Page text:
Although numerous studies have been conducted in this area, there is no clear evidence
that privatization of alcohol markets leads to either an increase or decrease in alcohol
consumption.4 Studies that show a positive relationship between privatization and alcohol
consumption are countered with studies, using the same data, which show no
While over-consumption of alcohol clearly has deleterious consequences, alcohol
consumption, per se, is not bad. In addition to being an activity that many people find
enjoyable, research has shown that moderate alcohol consumption reduces the risk of
heart disease, stroke, gallstones, and diabetes (Mayo Clinic Staff, 2010).
10) How will privatization affect underage drinking, underage binge drinking, and DUI
Although numerous studies have been conducted in this area, there is no clear evidence
that privatization of alcohol markets leads to either an increase or a decrease in underage
drinking, underage binge drinking, or DUI fatalities. Studies showing a positive
3 Refer to Gruenewald et al. (1996), Douglas et al. (1997), and Presley et al. (2002).
4 Refer to MacDonald (1986), Holder and Wagenaar (1990), Wagenaar and Holder (1991), Mulford, Ledolter, and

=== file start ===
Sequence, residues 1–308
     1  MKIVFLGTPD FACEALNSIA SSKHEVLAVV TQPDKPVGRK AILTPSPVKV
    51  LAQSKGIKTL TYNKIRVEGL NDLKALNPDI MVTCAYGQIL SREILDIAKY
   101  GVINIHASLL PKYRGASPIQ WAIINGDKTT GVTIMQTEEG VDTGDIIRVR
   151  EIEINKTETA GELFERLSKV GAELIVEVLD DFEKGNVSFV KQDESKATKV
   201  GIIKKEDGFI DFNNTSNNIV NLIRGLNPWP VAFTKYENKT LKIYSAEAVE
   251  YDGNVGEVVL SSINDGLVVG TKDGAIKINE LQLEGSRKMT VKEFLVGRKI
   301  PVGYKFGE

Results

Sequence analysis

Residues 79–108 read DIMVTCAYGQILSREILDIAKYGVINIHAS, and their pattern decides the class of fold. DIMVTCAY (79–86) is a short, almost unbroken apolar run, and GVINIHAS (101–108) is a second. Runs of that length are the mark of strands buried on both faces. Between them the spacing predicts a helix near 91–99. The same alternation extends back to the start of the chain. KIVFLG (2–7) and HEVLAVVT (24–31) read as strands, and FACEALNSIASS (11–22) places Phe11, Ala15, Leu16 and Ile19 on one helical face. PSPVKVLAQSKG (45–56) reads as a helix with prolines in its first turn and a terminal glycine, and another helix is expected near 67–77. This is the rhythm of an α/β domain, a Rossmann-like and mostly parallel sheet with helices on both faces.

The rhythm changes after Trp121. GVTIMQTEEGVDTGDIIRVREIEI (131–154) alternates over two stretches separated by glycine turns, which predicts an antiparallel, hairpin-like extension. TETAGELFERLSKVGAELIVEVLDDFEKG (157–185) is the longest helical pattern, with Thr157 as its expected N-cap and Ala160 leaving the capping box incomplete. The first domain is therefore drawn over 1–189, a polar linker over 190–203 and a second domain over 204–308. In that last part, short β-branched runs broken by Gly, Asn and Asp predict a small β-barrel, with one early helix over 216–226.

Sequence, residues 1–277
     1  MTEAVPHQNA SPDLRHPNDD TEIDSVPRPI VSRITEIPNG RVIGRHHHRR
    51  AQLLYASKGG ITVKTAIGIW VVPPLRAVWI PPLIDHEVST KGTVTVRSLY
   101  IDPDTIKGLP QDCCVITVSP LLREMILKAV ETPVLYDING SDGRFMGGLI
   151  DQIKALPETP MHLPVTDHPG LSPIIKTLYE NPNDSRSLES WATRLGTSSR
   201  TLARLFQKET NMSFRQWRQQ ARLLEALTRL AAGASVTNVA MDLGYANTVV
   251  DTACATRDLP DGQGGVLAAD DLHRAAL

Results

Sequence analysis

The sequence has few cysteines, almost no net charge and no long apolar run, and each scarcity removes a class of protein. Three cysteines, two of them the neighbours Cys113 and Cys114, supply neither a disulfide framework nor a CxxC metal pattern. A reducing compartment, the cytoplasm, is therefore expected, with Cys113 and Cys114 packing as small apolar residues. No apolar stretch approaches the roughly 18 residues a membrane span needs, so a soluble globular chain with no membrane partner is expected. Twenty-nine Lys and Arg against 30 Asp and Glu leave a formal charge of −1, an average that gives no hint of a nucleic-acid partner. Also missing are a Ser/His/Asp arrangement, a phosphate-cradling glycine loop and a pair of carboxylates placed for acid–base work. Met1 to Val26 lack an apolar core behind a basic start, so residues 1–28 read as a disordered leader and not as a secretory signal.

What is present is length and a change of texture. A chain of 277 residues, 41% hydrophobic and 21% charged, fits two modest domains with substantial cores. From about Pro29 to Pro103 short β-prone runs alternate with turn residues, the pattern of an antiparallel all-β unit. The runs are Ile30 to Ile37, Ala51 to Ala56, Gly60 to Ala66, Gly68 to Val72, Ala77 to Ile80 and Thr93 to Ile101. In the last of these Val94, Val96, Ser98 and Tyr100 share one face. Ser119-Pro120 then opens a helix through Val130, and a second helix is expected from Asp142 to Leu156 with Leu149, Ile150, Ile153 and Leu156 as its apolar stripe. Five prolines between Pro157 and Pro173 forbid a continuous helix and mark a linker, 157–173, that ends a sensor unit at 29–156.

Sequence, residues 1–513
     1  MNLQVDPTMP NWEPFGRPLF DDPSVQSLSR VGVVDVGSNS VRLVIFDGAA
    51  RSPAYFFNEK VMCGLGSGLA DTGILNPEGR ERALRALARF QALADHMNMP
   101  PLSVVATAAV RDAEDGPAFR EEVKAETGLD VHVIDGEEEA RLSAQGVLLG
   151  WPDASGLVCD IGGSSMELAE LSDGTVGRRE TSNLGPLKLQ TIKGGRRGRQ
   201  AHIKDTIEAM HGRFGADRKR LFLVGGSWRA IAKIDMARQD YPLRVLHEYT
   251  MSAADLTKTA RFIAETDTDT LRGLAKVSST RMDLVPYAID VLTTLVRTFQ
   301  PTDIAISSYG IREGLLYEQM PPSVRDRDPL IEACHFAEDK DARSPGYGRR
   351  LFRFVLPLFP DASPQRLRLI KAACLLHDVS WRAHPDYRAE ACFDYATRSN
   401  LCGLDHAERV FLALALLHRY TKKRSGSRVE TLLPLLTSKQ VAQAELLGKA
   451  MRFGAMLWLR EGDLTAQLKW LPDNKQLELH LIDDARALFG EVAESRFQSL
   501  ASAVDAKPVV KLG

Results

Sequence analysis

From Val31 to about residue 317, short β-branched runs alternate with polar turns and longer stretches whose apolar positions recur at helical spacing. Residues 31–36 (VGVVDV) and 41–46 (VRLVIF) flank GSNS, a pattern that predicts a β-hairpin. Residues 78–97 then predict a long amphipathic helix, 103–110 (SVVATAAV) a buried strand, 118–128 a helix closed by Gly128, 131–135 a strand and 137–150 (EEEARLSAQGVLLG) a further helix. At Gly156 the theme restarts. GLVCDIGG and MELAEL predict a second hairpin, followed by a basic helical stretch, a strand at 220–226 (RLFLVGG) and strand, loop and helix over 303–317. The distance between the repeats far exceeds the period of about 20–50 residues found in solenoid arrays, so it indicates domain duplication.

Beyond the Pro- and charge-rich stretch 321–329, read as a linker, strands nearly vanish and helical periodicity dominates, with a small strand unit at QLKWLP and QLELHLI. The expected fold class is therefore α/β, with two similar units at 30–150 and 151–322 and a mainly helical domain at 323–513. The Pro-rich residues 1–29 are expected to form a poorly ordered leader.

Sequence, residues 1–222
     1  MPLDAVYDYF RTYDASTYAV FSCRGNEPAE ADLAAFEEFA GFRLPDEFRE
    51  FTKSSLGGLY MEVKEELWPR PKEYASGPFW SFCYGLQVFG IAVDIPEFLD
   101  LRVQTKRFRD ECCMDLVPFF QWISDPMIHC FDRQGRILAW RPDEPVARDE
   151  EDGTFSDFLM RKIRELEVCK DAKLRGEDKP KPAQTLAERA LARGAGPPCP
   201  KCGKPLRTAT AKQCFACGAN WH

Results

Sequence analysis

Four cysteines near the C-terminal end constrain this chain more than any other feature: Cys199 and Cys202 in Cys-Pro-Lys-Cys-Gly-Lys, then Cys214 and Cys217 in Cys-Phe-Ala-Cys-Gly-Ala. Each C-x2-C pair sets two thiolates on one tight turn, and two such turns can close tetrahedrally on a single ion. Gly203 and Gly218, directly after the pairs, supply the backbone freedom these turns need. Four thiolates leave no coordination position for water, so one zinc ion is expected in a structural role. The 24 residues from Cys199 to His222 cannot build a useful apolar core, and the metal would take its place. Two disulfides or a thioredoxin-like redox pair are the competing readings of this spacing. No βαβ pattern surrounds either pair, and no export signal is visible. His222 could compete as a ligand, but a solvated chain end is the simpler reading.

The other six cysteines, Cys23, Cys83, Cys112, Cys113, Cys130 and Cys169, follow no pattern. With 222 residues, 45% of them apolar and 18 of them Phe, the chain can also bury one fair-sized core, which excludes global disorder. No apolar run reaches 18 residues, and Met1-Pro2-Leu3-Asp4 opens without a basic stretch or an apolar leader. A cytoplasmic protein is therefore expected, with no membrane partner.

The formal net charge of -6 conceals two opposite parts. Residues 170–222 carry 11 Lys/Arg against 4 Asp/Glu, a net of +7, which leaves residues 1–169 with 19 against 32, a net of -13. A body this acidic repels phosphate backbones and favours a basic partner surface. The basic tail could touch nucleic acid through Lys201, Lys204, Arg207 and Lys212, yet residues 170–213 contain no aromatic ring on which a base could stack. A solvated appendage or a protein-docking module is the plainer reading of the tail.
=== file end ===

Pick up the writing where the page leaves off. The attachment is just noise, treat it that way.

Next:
Fitzgerald (1992), Wagenaar and Holder (1995), Weitzman et al. (2003), Trolldal (2005a, 2005b), Miller et al.
(2006), Pulito and Davies (2009), and Stockwell et al. (2009).
relationship (e.g., Stockwell et al., 2009, Weitzman et al., 2003, Wagenaar and Holder,
1995) are counterbalanced by others showing an absent or ambiguous relationship (Pulito
and Davies, 2009, Trolldal, 2005a, Trolldal, 2005b).
Some studies that show relationships may suffer from unaddressed statistical anomalies
that bias the results in favor of finding relationships where none exist. For example,
Wagenaar and Holder (1995) include wine cooler sales in their study despite the fact that
wine coolers were excluded from the change in alcohol laws and during the period of
time studied, there was a coincidental surge in the popularity of wine coolers. The
analysis done by Stockwell et al.’s (2009) suffers from unaddressed statistical
complications that render their results meaningless.
Studies that do show relationships also suffer from unaddressed causality, making the